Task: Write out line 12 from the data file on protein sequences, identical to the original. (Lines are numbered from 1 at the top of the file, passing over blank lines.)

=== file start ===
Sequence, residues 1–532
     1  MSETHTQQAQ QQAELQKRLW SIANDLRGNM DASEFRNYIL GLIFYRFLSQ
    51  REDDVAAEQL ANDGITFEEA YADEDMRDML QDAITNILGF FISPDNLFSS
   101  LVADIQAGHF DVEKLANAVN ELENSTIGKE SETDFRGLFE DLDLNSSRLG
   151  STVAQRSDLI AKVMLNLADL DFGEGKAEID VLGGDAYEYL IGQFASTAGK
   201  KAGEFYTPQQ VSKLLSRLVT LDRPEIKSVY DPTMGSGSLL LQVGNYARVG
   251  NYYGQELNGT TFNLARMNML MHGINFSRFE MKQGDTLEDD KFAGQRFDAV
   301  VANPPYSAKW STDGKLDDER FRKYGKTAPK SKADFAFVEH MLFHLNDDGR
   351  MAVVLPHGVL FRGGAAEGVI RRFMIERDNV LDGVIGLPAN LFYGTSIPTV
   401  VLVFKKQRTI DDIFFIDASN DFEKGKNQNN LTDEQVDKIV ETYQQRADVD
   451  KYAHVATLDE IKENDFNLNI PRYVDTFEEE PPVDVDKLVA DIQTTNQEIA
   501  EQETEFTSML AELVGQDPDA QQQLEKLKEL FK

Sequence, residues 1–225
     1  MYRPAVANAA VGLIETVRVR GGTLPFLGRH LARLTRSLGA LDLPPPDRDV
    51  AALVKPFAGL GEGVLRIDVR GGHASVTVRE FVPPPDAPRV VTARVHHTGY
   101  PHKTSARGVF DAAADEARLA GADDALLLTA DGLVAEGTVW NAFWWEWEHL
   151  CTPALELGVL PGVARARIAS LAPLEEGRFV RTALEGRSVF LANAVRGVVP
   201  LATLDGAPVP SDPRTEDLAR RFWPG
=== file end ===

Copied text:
   501  EQETEFTSML AELVGQDPDA QQQLEKLKEL FK